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Greece confirms first case of African swine fever

Earlier this week, authorities in Bali said they suspected ASF was to blame for the deaths of nearly 1,000 pigs over the past few months.

Greece's Minister of Rural Development and Food confirmed Wednesday in a press conference that the country had its first case of African swine fever, on a domestic farm in Serres, a region of northern Greece near the border with Bulgaria and North Macedonia. Tissues from the dead pig were sent to the Athens Veterinary Center, where authorities confirmed the infection.

According to Makis Voridis, the government has taken several measures to help control the spread of the disease, including depopulation in a 3-kilometer area around the farm and a stop movement in a 10-kilometer zone.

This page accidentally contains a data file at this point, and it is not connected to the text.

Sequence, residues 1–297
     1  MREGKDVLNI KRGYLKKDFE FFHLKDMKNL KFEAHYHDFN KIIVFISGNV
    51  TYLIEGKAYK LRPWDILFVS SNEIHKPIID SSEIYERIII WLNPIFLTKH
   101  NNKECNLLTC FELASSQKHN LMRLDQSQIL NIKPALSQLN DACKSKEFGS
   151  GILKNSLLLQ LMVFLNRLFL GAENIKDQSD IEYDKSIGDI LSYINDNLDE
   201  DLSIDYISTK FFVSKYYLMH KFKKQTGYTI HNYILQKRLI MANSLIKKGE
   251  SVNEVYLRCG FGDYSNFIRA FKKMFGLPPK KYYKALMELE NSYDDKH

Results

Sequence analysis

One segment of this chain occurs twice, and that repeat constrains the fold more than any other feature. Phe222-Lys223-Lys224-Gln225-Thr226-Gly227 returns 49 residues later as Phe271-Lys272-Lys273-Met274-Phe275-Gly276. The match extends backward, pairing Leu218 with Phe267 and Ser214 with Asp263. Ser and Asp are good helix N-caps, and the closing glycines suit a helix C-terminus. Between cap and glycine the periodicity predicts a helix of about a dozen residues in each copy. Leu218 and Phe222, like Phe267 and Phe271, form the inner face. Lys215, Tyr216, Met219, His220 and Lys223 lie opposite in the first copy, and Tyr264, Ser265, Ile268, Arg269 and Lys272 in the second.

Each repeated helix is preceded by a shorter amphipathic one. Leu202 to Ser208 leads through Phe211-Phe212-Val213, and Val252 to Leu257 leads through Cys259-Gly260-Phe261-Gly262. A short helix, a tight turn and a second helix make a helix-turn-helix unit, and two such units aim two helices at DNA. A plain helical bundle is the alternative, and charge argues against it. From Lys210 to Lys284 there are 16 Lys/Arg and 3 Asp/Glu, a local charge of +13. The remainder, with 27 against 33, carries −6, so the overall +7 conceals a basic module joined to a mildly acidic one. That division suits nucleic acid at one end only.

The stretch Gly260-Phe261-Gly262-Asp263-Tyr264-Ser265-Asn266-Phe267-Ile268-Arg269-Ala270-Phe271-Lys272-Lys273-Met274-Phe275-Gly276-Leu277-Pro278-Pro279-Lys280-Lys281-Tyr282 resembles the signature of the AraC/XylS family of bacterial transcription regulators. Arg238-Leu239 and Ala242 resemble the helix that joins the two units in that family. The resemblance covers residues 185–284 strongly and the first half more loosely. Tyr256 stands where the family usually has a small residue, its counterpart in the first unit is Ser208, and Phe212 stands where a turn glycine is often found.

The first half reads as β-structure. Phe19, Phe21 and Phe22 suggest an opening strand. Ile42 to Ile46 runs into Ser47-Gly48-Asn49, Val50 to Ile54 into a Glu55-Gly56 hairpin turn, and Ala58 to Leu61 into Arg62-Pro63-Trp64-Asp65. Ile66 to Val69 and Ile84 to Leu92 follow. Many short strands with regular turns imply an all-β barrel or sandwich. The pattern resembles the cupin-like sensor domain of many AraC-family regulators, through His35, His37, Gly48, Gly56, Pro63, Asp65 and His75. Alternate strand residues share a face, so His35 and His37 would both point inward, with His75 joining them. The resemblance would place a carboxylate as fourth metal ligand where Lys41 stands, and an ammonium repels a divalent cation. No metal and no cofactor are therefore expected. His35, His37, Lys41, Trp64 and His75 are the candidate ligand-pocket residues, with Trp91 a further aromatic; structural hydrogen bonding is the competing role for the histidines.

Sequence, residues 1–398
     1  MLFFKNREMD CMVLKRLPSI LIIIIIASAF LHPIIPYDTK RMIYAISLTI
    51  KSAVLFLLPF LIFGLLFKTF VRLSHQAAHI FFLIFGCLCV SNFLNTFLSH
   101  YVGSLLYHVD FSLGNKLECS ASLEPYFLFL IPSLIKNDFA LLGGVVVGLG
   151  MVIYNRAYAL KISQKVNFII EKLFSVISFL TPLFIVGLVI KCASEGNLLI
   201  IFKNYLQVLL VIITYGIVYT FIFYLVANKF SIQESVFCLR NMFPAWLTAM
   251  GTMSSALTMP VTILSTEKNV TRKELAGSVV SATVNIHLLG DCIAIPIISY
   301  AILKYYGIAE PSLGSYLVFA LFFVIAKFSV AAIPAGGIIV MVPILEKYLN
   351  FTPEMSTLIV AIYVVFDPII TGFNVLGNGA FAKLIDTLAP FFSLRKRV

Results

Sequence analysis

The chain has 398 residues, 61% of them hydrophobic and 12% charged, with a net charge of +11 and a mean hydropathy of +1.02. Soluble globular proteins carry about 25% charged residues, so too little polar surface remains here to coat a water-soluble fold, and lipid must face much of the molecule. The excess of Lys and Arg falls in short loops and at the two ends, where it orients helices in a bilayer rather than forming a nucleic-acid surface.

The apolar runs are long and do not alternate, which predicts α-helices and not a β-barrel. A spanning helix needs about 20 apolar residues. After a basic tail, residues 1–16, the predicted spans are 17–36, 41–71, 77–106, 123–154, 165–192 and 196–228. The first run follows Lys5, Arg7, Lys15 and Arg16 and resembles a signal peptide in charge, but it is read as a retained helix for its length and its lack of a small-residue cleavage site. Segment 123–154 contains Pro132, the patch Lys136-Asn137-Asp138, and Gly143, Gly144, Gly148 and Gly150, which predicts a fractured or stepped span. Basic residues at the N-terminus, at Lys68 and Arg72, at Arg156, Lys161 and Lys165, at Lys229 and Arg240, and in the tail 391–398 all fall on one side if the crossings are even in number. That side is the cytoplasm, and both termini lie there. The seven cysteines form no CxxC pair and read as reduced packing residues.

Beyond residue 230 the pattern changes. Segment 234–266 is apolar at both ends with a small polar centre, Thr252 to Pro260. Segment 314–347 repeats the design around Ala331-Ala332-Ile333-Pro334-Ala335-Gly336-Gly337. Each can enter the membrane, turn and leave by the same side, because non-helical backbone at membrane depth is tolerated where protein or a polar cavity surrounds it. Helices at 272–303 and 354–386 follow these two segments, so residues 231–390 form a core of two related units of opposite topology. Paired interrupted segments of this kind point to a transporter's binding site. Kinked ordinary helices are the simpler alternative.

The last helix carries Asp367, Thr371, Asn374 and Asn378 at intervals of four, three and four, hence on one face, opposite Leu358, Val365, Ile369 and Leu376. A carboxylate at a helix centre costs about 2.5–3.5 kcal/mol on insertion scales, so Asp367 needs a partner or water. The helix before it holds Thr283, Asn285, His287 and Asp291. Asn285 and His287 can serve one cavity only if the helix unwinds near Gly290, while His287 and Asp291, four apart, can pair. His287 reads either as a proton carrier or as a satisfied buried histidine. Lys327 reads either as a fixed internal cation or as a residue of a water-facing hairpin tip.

Voridis stressed that the Ministry and the relevant other agencies are on alert and the European Commission has already been informed of the incident. The Minister assured that there is absolutely no concern for human health, as the disease is not transmitted to humans.

Earlier this week, authorities in Bali, a province of Indonesia and the westernmost of the Lesser Sunda Islands, said they suspected ASF was to blame for the deaths of nearly 1,000 pigs over the past few months. In December, the World Organization for Animal Health reported that Indonesia's first outbreak happened on Sept. 4 and since then 392 outbreaks have been reported in backyard pig farms in the Sumatera Utara Province. More than 28,000 pigs have died and 1.23 million are susceptible.

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